J.D Steinhilber submits: For ETF investors seeking international equity exposure, the preferred solution has been to purchase two broadly diversified ETFs sponsored by Barclays. They are the iShares MSCI EAFE Index Fund (EFA) and the iShares MSCI Emerging Markets Index Fund (EEM).
These funds have been extremely popular in large part because with just two securities, an investor can gain exposure to over 90% of the equity market capitalization outside of the U.S. Moreover, the expense ratios of EFA and EEM, at 0.35% and 0.75%, respectively, are attractive relative to actively managed international mutual funds, whose expense ratios average 1.77% (source: Morningstar, July 2005).
Investors have shown a clear preference for the broad-based international stock exposure that EFA and EEM provide, versus more targeted bets on country-specific or regional ETFs. As of August 4, 2005, the $24 billion of assets invested in EFA and EEM exceeded the $18 billion invested in the other 46 international ETFs combined. Given the huge success of EFA and EEM, as well as heightened investor interest in international diversification, it was just a matter of time before competition emerged.
Although they have only been on the market since March 2005, Vanguard’s foreign stock VIPERs (Vanguard’s brand name for its exchange-traded fund line-up) are capable of mounting a challenge to Barclays’ dominance in the international ETF arena. Vanguard’s funds – the European VIPERs (symbol: VGK), the Pacific VIPERs (symbol: VPL) and the Emerging Markets VIPERs (symbol: VWO), present formidable competition to the iShares EAFE and Emerging Markets products, primarily due to their significantly lower expense ratios. The VIPERs products carry expense ratios that are roughly half those of their iShares counterparts – something that should be near and dear to any ETF investor’s heart.
Assuming an international equity portfolio that is weighted 80% in developed markets and 20% in emerging markets, an investor would save $226 per year in fund expenses for every $100,000 invested in the VIPERs products versus their iShares counterparts. For shorter-term positions, the expense ratio advantage of the VIPERs is offset by their wider bid/ask spreads, which should shrink as trading volumes in the products increase.
Despite this expense ratio advantage, investors do not appear – based on recent asset flows - to be expressing a preference for the VIPERs products, let alone converting assets from the iShares ETFs. For example, since their launch on March 4, the VIPERs European Fund and the VIPERs Pacific Fund have garnered assets of $141 million and $93 million, respectively - not a trivial sum, but one that pales in comparison to the $3.2 billion that flowed into the iShares EAFE Fund in the first half of 2005.
Part of the reason that the VIPERs international ETFs have not attracted more assets may be due to some basic confusion with respect to the construction of the MSCI EAFE Index. (The EAFE index, which stands for Europe, Australasia, Far East, is the premier international equity benchmark and can be thought of as overseas equivalent of the S&P 500 for developed – as opposed to emerging – markets.) The EAFE is sub-divided by MSCI into two constituent indexes – the MSCI Europe Index and the MSCI Pacific Index. The MSCI Europe Index consists of 16 European countries and accounts for 74% of the EAFE Index. The MSCI Pacific Index includes five countries in the Pacific region – Japan, Australia, Hong Kong, Singapore and New Zealand – and accounts for 26% of the EAFE Index.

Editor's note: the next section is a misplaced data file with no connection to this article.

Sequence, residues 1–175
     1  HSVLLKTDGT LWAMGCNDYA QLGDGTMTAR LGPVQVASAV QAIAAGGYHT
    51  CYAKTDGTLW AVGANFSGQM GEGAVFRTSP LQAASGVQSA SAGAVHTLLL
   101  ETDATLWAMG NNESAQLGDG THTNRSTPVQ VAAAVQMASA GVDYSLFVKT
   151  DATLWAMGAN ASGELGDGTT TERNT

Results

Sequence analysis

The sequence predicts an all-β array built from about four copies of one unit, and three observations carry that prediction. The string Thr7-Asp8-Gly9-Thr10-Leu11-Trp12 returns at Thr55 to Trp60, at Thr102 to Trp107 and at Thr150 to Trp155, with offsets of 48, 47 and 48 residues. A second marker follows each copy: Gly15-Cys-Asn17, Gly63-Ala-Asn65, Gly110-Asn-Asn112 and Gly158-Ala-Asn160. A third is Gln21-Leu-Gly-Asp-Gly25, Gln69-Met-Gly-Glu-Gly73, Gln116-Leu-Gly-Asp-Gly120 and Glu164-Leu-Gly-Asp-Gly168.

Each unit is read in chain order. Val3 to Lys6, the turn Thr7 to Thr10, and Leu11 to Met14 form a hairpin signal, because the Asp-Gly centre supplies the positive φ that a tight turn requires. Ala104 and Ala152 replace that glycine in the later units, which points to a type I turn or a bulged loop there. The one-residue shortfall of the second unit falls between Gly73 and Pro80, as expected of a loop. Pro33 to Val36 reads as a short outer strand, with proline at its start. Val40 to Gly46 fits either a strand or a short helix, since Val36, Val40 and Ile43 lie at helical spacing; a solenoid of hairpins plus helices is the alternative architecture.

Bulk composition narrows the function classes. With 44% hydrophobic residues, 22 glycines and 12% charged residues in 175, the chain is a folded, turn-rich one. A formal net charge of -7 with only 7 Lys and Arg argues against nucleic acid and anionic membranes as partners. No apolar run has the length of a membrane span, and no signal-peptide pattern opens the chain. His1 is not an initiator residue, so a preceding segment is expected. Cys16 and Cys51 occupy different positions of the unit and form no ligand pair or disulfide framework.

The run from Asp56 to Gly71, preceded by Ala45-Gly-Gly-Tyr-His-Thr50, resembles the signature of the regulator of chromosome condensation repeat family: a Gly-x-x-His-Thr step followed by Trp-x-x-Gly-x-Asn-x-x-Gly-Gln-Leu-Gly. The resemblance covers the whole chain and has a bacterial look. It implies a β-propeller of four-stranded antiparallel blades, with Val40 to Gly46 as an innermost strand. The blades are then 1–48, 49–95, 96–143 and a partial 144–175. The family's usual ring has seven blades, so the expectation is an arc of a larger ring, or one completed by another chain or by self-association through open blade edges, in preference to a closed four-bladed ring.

Taken together, the securities that compose the MSCI Pacific and Europe Indexes are identical to the securities that compose the EAFE index. While Barclays’ EFA product tracks the entire EAFE index, Vanguard’s VGK and VPL products track the two components that make up the EAFE. An investor using the VIPERs who wants to replicate the performance of the EAFE would simply purchase VGK and VPL in the proportions that mirror the respective weights of the MSCI Europe and Pacific Indexes in the EAFE Index. Alternatively, an investor wanting to overweight one region versus the other can easily do so with the VIPERs products.
It certainly does not help Vanguard’s cause to have Morningstar, the most popular source for independent fund research, question the usefulness of the VIPERs Pacific Fund and its underlying MSCI Pacific Index. In its analysis of the fund, Morningstar seems to fail to grasp MSCI’s index construction methodology and the distinction MSCI makes between developed and emerging markets. According to a recent Morningstar report, the fund “omits large swaths of the Pacific region…don’t look here for firms from the big Pacific markets of Taiwan and Korea." Morningstar goes on to say “It is hard to figure out why an investor would want to own this fund."
Regrettably, Morningstar treats the VIPERs Pacific Fund as a not-very-useful regional fund, overlooking how it fits neatly into a three-part indexed international equity solution, consisting of VGK, VPL and VWO, that provides investors with the lowest-cost foreign stock exposure available in the market today.